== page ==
Kepler’s first law says that the orbit of every planet is an ellipse, with the Sun at one of two focus points. A circle is a special type of ellipse that has just one focus, which is located at its center. All other ellipses look like flattened circles, and have two focus points. If you take any point on the ellipse, the sum of the distances to the focus points is constant.
Before Kepler’s work, astronomers tried to describe the motion of the planets via interconnected circles, but they struggled to match observations. They also could not predict where planets would appear in the sky. Kepler’s theory changed that and showed how elegantly the planets moved.
Kepler’s second law says that a line joining a planet and the Sun sweeps out equal areas during equal intervals of time. Thus, a planet moves fastest when it’s closest to the Sun (at a point called perihelion) and slowest at its farthest point from the Sun (known as aphelion). You can see this property best with objects that have longer elliptical orbits, like comets. As they near the Sun, they travel much faster than when they are more distant.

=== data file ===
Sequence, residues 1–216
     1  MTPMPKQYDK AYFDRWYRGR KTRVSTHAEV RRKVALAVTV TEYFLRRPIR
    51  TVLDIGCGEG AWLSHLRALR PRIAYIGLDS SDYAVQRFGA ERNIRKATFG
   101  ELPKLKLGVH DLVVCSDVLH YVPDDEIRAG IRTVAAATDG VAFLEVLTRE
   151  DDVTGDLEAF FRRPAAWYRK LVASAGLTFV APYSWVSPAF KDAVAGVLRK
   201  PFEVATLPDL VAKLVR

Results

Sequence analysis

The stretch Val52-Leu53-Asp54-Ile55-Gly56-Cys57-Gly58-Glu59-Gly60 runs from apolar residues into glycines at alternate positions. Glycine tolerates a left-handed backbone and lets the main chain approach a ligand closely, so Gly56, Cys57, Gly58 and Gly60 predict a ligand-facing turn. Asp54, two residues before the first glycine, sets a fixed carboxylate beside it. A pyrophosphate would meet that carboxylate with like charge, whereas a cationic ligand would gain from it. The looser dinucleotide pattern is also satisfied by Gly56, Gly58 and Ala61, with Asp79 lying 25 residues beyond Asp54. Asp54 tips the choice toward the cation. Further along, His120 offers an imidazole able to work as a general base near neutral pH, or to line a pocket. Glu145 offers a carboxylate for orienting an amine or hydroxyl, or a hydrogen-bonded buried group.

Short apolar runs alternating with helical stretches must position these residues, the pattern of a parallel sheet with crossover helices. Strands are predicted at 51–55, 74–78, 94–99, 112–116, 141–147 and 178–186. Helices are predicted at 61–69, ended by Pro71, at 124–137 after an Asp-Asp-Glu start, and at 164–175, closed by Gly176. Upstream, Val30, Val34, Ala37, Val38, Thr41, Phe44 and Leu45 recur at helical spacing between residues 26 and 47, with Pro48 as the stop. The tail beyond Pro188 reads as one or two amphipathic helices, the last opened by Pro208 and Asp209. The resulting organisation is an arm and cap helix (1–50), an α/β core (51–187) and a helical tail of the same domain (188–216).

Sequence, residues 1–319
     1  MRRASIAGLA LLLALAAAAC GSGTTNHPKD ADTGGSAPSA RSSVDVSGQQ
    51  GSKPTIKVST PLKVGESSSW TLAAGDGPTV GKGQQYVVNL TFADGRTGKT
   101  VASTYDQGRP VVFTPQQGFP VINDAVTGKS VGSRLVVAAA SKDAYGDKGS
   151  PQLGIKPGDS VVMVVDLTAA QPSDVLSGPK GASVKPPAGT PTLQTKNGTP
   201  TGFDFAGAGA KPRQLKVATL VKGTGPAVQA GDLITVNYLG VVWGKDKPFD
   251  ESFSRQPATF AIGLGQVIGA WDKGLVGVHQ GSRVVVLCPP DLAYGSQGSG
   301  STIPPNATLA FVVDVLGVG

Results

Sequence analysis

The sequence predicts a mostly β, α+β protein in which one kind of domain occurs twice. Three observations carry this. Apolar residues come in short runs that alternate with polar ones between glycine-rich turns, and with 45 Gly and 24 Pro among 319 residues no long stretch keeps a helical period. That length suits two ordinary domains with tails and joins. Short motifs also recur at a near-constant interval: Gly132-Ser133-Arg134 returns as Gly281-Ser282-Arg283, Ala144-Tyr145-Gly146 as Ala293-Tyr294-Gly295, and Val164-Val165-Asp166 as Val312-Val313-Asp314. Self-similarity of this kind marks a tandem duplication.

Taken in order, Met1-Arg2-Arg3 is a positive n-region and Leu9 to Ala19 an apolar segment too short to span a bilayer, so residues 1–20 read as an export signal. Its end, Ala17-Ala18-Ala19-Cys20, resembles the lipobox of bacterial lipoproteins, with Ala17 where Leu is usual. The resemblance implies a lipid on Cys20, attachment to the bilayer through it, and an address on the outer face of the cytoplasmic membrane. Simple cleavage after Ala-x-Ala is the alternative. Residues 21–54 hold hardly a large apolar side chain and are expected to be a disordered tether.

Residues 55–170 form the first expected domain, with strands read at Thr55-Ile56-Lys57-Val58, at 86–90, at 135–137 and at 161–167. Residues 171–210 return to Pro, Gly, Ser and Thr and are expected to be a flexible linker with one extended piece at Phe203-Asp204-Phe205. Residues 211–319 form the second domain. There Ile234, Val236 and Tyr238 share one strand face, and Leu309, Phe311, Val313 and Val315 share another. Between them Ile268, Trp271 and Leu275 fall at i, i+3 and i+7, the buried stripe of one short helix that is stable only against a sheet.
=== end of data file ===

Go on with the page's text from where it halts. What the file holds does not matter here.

Nine years after Kepler published his first two laws, he determined the last one. Kepler’s third law says that the square of the orbital period of a planet is directly proportional to the cube of the semi-major axis of its orbit. The semi-major axis is just a term for half of the longest length of the ellipse. If you measure the period in Earth years and the orbit’s semi-major axis in astronomical units, the equation simplifies to period squared equals semi-major axis cubed. Astronomers use this relation to figure out the orbit of planets around other stars. They directly detect the world’s orbit period and can then figure out how far from the star the planet orbits.
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